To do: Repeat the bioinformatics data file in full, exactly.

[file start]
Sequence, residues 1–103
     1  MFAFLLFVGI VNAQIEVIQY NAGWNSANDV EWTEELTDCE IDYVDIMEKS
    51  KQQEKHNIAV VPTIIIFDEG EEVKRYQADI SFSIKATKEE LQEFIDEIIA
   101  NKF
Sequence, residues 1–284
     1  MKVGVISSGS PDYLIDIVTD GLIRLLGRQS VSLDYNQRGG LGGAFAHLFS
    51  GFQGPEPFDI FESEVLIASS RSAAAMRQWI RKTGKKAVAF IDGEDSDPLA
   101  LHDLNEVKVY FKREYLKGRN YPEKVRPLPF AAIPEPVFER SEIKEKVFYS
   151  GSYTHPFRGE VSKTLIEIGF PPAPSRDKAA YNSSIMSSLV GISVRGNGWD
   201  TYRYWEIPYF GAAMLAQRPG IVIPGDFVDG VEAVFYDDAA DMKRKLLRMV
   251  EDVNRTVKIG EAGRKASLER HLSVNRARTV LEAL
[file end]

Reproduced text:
Sequence, residues 1–103
     1  MFAFLLFVGI VNAQIEVIQY NAGWNSANDV EWTEELTDCE IDYVDIMEKS
    51  KQQEKHNIAV VPTIIIFDEG EEVKRYQADI SFSIKATKEE LQEFIDEIIA
   101  NKF
Sequence, residues 1–284
     1  MKVGVISSGS PDYLIDIVTD GLIRLLGRQS VSLDYNQRGG LGGAFAHLFS
    51  GFQGPEPFDI FESEVLIASS RSAAAMRQWI RKTGKKAVAF IDGEDSDPLA
   101  LHDLNEVKVY FKREYLKGRN YPEKVRPLPF AAIPEPVFER SEIKEKVFYS
   151  GSYTHPFRGE VSKTLIEIGF PPAPSRDKAA YNSSIMSSLV GISVRGNGWD
   201  TYRYWEIPYF GAAMLAQRPG IVIPGDFVDG VEAVFYDDAA DMKRKLLRMV
   251  EDVNRTVKIG EAGRKASLER HLSVNRARTV LEAL